In a few weeks, the world is invited to Montreal for AIDS 2022, the 24th International AIDS Conference. At this time of writing, no public announcement has been made as to which of Canada’s dignitaries will be present.
The last time this conference was held in Canada was 2006, in Toronto. The absence of our then prime minister, as well as the previous federal government’s abysmal record on HIV policy issues such as harm reduction, became an embarrassment for Canada on an international stage.
Since then, we have seen some indications of progress. In 2016, Health Minister Jane Philpott signed Canada on to global targets to achieve 90% HIV diagnosis, 90% HIV treatment initiation and 90% HIV suppression by 2020. At the CATIE Forum In 2017, Canada’s Chief Public Health Officer Dr. Theresa Tam publicly announced for the first time that a person with HIV on effective treatment doesn’t transmit the virus sexually – “undetectable equals untransmittable”, or U=U. Then, on World AIDS Day in 2018, Health Minister Ginette Petitpas-Taylor signed on to the Prevention Access Campaign’s U=U consensus statement, making Canada the first country to declare its government’s support. At AIDS 2018 in Amsterdam, she donned a U=U t-shirt at the podium, further demonstrating her and her government’s support for U=U.
While we have applauded these important words and statements, unfortunately Canada has not demonstrated as much success through its actions or accomplishments. Canada has not yet reached the 90-90-90 goals it set for 2020, and as of this writing, has no concrete plan to reach its second commitment to 95-95-95 by 2025.
New leadership at Canada’s health ministry
In the fall of 2021, new leadership arrived at Canada’s health ministry, with the appointment of Jean-Yves Duclos as minister of health and Dr. Harpreet Kochhar as president of the Public Health Agency of Canada.
After several requests from HIV organizations to meet with Minister Duclos and Dr. Kochhar, I attended an online meeting on June 1 with about 30 members of civil society organizations working in Canada’s HIV response. In this meeting, we expressed several concerns, including: the flat-lining of federal HIV funding for more than a decade, in the face of increasing HIV prevalence and skyrocketing inflation; the addition of hepatitis C and other sexually transmitted and bloodborne infections (STBBIs) to our mandates with no additional funding; the increasing racialization of the HIV epidemic in Canada and its disproportionate impact on marginalized communities; the commitment to global elimination targets with no additional funding or concrete action plan.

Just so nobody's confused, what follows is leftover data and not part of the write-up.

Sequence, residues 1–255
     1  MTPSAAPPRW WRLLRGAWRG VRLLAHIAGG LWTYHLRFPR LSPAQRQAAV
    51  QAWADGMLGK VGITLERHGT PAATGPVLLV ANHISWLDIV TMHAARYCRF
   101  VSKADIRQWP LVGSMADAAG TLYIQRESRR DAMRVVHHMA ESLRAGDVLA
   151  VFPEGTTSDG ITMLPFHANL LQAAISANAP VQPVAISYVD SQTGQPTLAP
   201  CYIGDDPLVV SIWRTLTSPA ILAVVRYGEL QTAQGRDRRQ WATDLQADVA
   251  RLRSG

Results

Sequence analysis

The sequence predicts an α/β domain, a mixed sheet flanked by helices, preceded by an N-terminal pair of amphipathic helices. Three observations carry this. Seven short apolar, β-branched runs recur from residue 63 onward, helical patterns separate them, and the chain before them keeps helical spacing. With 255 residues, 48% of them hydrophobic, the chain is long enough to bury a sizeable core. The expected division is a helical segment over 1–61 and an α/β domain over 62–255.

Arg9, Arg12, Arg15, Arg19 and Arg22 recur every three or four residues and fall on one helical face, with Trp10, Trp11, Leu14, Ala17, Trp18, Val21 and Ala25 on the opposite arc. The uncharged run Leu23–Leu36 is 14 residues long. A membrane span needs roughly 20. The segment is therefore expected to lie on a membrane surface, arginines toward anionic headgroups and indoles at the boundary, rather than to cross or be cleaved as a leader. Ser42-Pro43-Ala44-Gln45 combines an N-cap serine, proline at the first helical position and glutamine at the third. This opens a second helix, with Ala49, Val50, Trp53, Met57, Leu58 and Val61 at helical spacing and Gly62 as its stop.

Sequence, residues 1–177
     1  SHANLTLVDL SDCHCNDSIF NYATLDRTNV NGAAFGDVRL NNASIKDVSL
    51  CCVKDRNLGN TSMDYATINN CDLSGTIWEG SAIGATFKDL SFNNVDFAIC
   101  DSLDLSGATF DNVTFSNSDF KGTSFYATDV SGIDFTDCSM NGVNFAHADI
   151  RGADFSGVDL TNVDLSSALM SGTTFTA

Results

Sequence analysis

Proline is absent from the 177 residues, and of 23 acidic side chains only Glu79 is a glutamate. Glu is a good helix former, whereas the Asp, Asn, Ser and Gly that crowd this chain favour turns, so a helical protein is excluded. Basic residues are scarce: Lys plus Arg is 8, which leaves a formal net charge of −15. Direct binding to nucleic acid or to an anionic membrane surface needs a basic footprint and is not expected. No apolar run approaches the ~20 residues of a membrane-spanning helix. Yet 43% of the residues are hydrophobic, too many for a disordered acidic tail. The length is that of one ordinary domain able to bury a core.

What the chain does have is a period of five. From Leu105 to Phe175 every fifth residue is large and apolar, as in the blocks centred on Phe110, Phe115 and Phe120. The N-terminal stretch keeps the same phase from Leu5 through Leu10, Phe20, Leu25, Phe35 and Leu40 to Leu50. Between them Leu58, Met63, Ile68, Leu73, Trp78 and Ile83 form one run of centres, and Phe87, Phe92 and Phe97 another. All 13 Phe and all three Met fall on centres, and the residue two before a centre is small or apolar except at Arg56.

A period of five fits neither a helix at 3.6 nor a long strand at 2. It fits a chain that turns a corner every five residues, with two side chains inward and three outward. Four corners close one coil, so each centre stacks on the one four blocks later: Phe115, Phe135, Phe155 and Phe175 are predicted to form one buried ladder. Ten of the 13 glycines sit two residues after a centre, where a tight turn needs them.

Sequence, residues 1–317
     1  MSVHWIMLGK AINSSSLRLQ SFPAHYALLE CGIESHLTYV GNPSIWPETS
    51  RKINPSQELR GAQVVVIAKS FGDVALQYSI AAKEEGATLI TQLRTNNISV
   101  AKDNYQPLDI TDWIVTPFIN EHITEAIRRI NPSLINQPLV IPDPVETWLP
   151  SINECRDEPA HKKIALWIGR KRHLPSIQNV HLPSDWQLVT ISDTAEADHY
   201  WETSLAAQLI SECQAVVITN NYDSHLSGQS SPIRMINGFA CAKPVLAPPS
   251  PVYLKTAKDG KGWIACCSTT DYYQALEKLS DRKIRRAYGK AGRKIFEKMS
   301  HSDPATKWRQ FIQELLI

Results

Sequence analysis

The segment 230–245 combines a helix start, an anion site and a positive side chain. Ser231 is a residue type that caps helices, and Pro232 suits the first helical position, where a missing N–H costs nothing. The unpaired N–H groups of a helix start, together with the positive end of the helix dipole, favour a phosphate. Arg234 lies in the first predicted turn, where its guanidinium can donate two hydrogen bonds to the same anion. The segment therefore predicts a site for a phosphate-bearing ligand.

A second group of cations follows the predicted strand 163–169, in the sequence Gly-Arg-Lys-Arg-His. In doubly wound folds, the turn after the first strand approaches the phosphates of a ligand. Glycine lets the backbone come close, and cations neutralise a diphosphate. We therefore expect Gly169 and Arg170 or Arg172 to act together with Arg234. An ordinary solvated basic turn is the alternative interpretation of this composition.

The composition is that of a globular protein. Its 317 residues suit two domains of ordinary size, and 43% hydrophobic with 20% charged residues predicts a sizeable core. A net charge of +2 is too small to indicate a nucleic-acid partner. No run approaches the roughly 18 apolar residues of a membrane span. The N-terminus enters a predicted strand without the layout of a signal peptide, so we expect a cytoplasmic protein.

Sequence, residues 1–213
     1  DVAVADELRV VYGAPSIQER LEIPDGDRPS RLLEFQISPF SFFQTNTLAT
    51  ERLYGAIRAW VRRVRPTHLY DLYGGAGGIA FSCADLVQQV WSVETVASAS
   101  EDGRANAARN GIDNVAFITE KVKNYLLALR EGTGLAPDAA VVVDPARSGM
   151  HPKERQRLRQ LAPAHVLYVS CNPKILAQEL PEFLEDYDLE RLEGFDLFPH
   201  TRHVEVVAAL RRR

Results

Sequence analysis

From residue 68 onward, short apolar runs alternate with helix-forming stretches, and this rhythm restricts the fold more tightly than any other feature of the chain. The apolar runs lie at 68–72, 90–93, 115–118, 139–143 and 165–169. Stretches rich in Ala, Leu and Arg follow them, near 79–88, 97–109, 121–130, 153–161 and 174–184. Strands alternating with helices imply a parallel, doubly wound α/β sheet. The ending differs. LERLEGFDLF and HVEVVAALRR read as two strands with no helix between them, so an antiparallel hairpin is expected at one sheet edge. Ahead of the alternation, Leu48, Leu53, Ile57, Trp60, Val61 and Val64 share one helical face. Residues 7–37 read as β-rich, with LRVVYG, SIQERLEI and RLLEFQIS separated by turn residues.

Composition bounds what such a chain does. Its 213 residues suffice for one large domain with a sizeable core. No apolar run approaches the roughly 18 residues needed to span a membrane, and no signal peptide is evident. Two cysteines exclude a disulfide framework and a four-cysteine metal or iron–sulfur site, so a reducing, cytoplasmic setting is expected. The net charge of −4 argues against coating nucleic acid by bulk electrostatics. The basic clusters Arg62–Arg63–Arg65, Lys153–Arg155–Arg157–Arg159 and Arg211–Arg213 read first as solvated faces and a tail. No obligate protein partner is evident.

Additionally, we expressed concern that we are beginning to see the results from restricted healthcare access during the COVID-19 pandemic, including fewer HIV, hepatitis C and STI tests, and increasing numbers of overdoses. Similar to other health issues, we expect to see an increase in HIV, hepatitis C and other STBBIs as infections that went undiagnosed and untreated during the pandemic start to be uncovered.
The funding envelope for STBBIs hasn’t increased since 2007. The $100 million in annual HIV funding recommended by the House of Commons Standing Committee on Health – in 2004 and again in 2020 – has never been realized. In the meantime, in the spirit of integration, the funding originally earmarked for just HIV has been expanded to include hepatitis C and all STBBIs.
Canada’s track record on an international stage
And the world is now coming to Montreal. With no further commitments for funding and no acknowledgment of frontline service providers’ contributions and ongoing needs, it is difficult to stand proud of our track record here in Canada.
We remain grateful to previous Ministers Philpott and Petitpas-Taylor for their public commitments to global HIV targets and to the science of U=U. But the question remains for Minister Duclos and President Kochhar: what will be your legacies?
Laurie Edmiston is executive director of CATIE, Canada’s source for HIV and hepatitis C information.